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Mark Hamblin - Oostvaardersplassen, The Netherlands

September 27th, 2009 Posted in Uncategorized, Western Europe

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After two days at home to recharge my batteries following my trip to Lithuania, I set off for my mission to Oostvaardersplassen, an area of land reclaimed from the sea in 1968, that lies 50km to the north of Amsterdam.

Originally intended for industrial development, the lowest part of the polder remained untouched following the recession of 1973 to form what is now an internationally important wetland, home to breeding spoonbill, great white egret, marsh harrier and Holland’s only pair of white-tailed eagle. Yet it is the thousands of ungulates that graze Oostvaardersplassen’s 2,000 hectares of open grass plains that has brought me here.

It’s Monday morning so time to start work! I have a 6am meeting with Hans Breeveld, head ranger of Staatsbosbeheer, the National Forest Service who manage the reserve. A guided tour around the accessible part of the reserve brings me face to face with a huge Konik horse herd for the first time. These are beautiful horses and our nearest ancestor to the original wild horse that once roamed Europe’s grasslands. It reminds me of my time spent on the plains of Tanzania but instead of 2 million wildebeest and other herbivores, there are more than 2,000 red deer, 1,000 Konik horses and 500 Heck cattle. This is Europe’s Serengeti plains but alas no apex predators capable of killing such large prey. These ungulates were each introduced to perform specific ecological roles on the reserve and maintain a low sward of vegetation. This in turn provides thousands of greylag geese from Eastern Europe an undisturbed place to moult, and concentrates them away from neighbouring farmers fields. It is a fascinating story that is being unfolded as we make our way around the reserve.

After our brief tour I’m handed the keys to an old Suzuki jeep - now the challenge begins. I head off for the herd of Konik’s - an inspiring sight. Many of the mares have young foals, others are heavily pregnant and all around the air is filled with a testosterone-fuelled tension. This is also the mating season and randy stallions are ready to do battle and win the right to pass on their genes. There is a lot of action and endless photo opportunities but as always it all must come together to make a great picture. I leave with plenty of images after a promising day – a good start but no cigar!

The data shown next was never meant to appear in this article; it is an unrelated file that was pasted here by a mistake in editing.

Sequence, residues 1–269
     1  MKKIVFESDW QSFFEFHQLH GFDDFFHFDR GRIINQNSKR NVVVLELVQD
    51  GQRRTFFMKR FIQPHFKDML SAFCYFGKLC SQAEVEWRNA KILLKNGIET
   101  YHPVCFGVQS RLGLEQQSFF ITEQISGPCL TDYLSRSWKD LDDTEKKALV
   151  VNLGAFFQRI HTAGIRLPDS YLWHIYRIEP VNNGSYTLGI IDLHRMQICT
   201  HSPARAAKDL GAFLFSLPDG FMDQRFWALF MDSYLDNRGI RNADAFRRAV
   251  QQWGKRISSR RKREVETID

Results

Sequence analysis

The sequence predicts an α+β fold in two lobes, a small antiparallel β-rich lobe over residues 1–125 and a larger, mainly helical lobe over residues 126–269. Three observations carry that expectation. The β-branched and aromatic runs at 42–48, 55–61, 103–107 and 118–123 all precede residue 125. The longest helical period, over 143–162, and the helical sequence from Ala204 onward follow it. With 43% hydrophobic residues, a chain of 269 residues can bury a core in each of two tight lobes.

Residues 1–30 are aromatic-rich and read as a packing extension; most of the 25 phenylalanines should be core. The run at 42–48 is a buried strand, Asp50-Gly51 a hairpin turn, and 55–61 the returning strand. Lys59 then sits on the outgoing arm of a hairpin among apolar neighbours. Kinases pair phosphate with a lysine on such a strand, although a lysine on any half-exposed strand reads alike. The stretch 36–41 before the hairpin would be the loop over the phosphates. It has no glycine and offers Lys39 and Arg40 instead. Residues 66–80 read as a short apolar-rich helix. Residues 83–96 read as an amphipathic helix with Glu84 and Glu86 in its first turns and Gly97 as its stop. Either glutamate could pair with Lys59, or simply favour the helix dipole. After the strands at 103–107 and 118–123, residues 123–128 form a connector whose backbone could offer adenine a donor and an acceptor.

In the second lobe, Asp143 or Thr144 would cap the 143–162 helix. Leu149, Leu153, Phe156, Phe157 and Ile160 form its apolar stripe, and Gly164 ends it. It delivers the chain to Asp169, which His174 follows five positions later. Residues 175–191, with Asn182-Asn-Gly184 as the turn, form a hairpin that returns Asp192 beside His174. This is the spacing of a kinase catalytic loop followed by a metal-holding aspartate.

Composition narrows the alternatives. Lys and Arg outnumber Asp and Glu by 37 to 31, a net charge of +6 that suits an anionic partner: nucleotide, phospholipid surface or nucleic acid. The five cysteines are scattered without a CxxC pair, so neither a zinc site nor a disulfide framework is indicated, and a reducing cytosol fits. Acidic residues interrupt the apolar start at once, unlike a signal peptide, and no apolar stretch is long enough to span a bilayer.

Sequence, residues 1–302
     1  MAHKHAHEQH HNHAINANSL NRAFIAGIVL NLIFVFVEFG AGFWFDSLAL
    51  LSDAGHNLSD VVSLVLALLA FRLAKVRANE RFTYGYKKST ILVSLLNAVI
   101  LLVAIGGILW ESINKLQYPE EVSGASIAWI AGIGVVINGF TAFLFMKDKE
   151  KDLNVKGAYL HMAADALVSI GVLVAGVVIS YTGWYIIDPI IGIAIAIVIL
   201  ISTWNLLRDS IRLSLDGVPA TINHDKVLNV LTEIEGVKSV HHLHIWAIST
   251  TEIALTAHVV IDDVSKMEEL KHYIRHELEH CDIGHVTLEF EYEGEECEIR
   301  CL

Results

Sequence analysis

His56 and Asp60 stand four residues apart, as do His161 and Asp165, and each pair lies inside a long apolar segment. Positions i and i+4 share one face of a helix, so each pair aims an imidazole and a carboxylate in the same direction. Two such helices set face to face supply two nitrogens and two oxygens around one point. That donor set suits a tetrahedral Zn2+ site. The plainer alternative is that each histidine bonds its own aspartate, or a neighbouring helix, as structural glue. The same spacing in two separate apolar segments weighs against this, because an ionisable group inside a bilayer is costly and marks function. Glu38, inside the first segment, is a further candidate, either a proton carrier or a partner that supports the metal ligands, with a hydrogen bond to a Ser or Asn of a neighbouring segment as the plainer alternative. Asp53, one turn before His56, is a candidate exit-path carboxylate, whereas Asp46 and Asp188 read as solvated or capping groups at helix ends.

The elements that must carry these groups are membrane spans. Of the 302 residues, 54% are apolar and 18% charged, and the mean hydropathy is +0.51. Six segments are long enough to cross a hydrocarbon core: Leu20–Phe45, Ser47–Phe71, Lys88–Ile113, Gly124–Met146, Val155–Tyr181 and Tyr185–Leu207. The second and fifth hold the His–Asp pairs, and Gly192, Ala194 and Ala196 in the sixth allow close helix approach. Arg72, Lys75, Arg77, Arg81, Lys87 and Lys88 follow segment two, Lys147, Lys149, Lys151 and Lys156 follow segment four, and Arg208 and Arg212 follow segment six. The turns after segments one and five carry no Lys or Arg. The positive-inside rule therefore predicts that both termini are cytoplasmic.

Another morning and evening session spent with the Konik horses. I’m beginning to get a feel for what shots are possible and enjoying watching the sparring rituals between the stallions. The shot is there, I just need some luck. So far other animals have obscured the action or it’s been too far away. Give it time, give it time. I position the vehicle next to a small pool in an attractive setting and wait for things to unfold. Mostly grazing and farting. Then two stallions appear right in front of me. This is the moment. Nose to nose they weigh each other up – this usually establishes dominance but these two are evenly matched. They rear up, front feet lashing out violently. The motordrive rattles off 10 frames – it’s all over. I quickly review the shots. Yes, got it - you beauty!

At dawn I try for some scenics from the main dyke overlooking the west of the reserve but the sky is insipid and the weak sun fails to produce the warm glow of sunrise I had hoped for. Back in the reserve, I need to get some coverage of the red deer in particular. This is providing difficult as they are very nervous, especially the does and they quickly retreat to the scrubby trees where they feel safe. The morning yields little but I get lucky on the way back, as a fox cub appears by the side of the road. It seems lost, and wanders alongside the track for a while before doubling back and walking right past the vehicle. The soft light is perfect and I’m grateful for a rare opportunity (for me anyway) to photograph one of my favourite mammals.

With a plane booked for 6pm, I’m hoping this sunny weather will hold for some aerial views of the reserve. But by mid-afternoon the sky is becoming increasingly hazy. It’s not looking good. It’s only a short flight around the reserve so I feel it’s worth a try. From this aerial perspective I can fully appreciate the different habitats – grassland, reedbeds and open water – yet my pictures are disappointing, the haze and overcast conditions ruining the chance of dramatic side lighting I was craving. Still I have time to try for some evening shots back on the plains. I head back onto the ‘Serengeti’ to find what looks the entire herd of red deer spanning the main track. A huge group of several hundred stags in velvet gather together as I approach but stand their ground. They are nervous but thankfully don’t flee. It’s an amazing sight and the only place in the whole of Europe where red deer can be seen as part of such a large herd. With intermittent hazy sunshine backlighting their rapidly developing antlers I manage to capture some of the shots I had hoped for, including some slow pans. Things are beginning to come together.